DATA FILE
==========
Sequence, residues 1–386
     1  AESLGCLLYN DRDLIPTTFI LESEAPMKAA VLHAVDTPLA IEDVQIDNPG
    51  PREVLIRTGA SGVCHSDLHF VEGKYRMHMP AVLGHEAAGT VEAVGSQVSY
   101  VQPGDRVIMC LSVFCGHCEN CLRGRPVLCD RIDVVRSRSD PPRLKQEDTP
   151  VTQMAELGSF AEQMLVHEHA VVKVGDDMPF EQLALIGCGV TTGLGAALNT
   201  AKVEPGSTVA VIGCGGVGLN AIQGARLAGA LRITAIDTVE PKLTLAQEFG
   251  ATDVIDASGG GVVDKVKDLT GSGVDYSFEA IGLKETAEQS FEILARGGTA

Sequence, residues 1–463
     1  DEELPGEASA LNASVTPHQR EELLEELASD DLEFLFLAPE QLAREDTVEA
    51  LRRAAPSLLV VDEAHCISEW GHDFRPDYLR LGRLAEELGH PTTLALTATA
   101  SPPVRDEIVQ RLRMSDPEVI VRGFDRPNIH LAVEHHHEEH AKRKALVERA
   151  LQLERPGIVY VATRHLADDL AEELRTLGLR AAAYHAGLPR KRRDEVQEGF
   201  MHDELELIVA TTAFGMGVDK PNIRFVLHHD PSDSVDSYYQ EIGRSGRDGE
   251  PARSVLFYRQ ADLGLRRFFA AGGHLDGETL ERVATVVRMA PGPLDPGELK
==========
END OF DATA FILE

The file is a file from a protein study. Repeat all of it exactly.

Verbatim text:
Sequence, residues 1–386
     1  AESLGCLLYN DRDLIPTTFI LESEAPMKAA VLHAVDTPLA IEDVQIDNPG
    51  PREVLIRTGA SGVCHSDLHF VEGKYRMHMP AVLGHEAAGT VEAVGSQVSY
   101  VQPGDRVIMC LSVFCGHCEN CLRGRPVLCD RIDVVRSRSD PPRLKQEDTP
   151  VTQMAELGSF AEQMLVHEHA VVKVGDDMPF EQLALIGCGV TTGLGAALNT
   201  AKVEPGSTVA VIGCGGVGLN AIQGARLAGA LRITAIDTVE PKLTLAQEFG
   251  ATDVIDASGG GVVDKVKDLT GSGVDYSFEA IGLKETAEQS FEILARGGTA

Sequence, residues 1–463
     1  DEELPGEASA LNASVTPHQR EELLEELASD DLEFLFLAPE QLAREDTVEA
    51  LRRAAPSLLV VDEAHCISEW GHDFRPDYLR LGRLAEELGH PTTLALTATA
   101  SPPVRDEIVQ RLRMSDPEVI VRGFDRPNIH LAVEHHHEEH AKRKALVERA
   151  LQLERPGIVY VATRHLADDL AEELRTLGLR AAAYHAGLPR KRRDEVQEGF
   201  MHDELELIVA TTAFGMGVDK PNIRFVLHHD PSDSVDSYYQ EIGRSGRDGE
   251  PARSVLFYRQ ADLGLRRFFA AGGHLDGETL ERVATVVRMA PGPLDPGELK